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Tuesday, February 26, 2008

Dot Update

Here are two more new paintings. I only have five more left to finish painting in this batch. Also, I’m making progress on the batch that will follow this one.

Two more of the small ones sold just before Mardi Gras weekend. The same buyer bought one of my 20” x 20” dot paintings as well. Hopefully that bodes well for the rest of
this year.

sa


acrylic on canvas, 5" x 5"

ta


acrylic on canvas, 5" x 5"

Friday, February 22, 2008

ob

October 7, 2005 was the day I arrived back in the New Orleans area. The next day I drove around with a checklist of businesses and restaurants I frequented prior to the storm. Many places, that were not damaged, were up and running. With some of the places on list closed, I was forced to try
new places.

In creating this batch of paintings, I decided to stick to imagery that I encountered after the storm. King Buffet was a place I had never eaten prior to the storm. I like the fact that it had a nice selection of fresh fruit besides a vast assortment of other food choices. This image is an interpretation of one of the crystal chandeliers that is located in the recess of the ceiling. A blue light illuminates the area within the recess. The crystals capture a rainbow of colors across the chandelier.


acrylic on canvas, 5" x 5"

Monday, February 18, 2008

oa

The fleur de lis is nothing new or unusual in New Orleans, but after Hurricane Katrina residents adopted it as a symbol for the city. Businesses went out of their way to include it in their logo or put it in ads. It became a popular symbol used on everything imaginable.

One banner I first noticed, at an art market, said “Louisiana Recover Rebuild Rebirth.” It had a yellow fleur de lis, white lettering and a blue background. But the color blue I picked for this painting came from the blue tarps that people had on their houses after the storm. I inquired about a blue tarp for mine, but I was advised that I did not need it and that adding it would probably create more damage. Fortunately for me I had very minor damage.


acrylic on canvas, 5" x 5"

Shortly after creating this painting, I learned that blue and yellow together was a very French combination. I was with my family at restaurant called Château du Lac. The interior had blue and yellow décor and table settings. Blue and yellow dominated the restaurant.

Some artists I know started pumping out fleur de lys in their artwork, one after the other. I was determined not to do that. It’s not something I want to be stuck doing over and over again. Whereas I do plan to make a few more, each one has specific reason for being. This is one of two in this batch of dot paintings. So here’s the first painting from the “o” series New Orleans.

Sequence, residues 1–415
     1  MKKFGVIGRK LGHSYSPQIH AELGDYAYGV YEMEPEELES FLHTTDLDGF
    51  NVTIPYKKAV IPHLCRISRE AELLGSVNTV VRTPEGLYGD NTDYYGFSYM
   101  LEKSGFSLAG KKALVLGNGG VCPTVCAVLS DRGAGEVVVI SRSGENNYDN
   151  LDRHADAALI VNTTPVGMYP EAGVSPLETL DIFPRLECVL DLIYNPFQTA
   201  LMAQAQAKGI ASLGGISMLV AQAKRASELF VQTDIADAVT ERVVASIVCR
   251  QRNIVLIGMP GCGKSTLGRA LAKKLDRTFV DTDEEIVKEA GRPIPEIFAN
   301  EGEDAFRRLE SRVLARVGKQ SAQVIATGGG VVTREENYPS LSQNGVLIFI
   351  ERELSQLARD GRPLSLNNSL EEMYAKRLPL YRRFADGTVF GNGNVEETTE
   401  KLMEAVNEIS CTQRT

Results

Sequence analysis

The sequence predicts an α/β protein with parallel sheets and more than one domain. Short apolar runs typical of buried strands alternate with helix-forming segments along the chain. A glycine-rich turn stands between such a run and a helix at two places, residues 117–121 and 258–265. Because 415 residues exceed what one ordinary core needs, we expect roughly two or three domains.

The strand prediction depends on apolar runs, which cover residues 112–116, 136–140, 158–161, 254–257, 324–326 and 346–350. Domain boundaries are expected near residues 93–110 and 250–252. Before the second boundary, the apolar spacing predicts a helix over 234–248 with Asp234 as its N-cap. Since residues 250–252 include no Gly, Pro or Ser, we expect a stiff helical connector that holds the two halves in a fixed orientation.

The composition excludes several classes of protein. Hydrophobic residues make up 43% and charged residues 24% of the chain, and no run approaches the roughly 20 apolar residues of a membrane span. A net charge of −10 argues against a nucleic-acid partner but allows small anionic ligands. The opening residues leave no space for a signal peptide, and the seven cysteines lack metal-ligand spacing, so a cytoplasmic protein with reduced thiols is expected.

Thursday, February 14, 2008

"o" Series New Orleans Slide Show

This group of paintings covers a much longer span of time, October 7, 2005 through June 30, 2006. I decided this would be a companion group to the first one. The titles were reversed placing “o” first in the names. That does give me a second “oo” piece, which points out the flaw in my naming system.
Well, that’s the way it goes.

From August 9, 2006 through March 11, 2007, I worked on this series that concerns my return to New Orleans. Rather than wallow in images of flood and hurricane destruction, I stuck to mostly positive imagery. As I adapted to the new normal in this area I tried to highlight events and places that stood out in my memory. And so, here is a slide show of the “o” Series New Orleans.

A Dot Art Update

It’s already a month and a half into the new year. I have yet
to finish the last ten of the current dot paintings. The designs for these paintings are much more difficult for me to complete. Several of them have dark background colors – and those
don’t appeal to people as much. I’m not totally sure how I
want to resolve them either. My habit is to work on the hardest ones last.

In the meantime I did sell a few more of the 5” x 5” s. But the biggest news is that I sold one of my 20” x 20” s. I guess I’ll have to complete the three from that group. Anyway, I’ll talk about the “o” Series New Orleans for now.

Sunday, February 10, 2008

zo

The last painting in this group has to do with an annual festival that takes place in old Memphis during the month of September. It is known as the Cooper-Young Festival. Along both sides of two intersecting narrow roads, artists and charitable organizations set up their tents and tables. When I went that Saturday, it was crowded. Anyway, the 2005 festival poster lead me to this stained glass sun design. The painting didn’t go according to plan, but it captured the event for me.


acrylic on canvas, 5" x 5"

Wednesday, February 06, 2008

yo

On my first day in Memphis, August 28, 2005, I visited the Memphis Brooks Museum of Art. That happened to be the last day of a show called, “Patrick Kelly: A Retrospective.” His clothes, made in the 80s, were known for their use of decorative buttons. Kelly was an African American who was born in Vicksburg, Mississippi. In 1979, he moved to New York to study at Parsons School of Design. In 1985 he showed his first collection. He died in 1990 of complications from AIDS at the age of thirty-five. The bright colors of the buttons I saw in the show lead to make this painting.


acrylic on canvas, 5" x 5"

Saturday, February 02, 2008

xo

Perkin’s Restaurant and Barkery is a chain of restaurants I discovered while I was in Memphis. I ate breakfast at one of the locations most mornings. You pay as you leave the restaurant. While standing in line for the register, there is a display of bakery items in a display case. This painting is representative of a display of muffins.


acrylic on canvas, 5" x 5"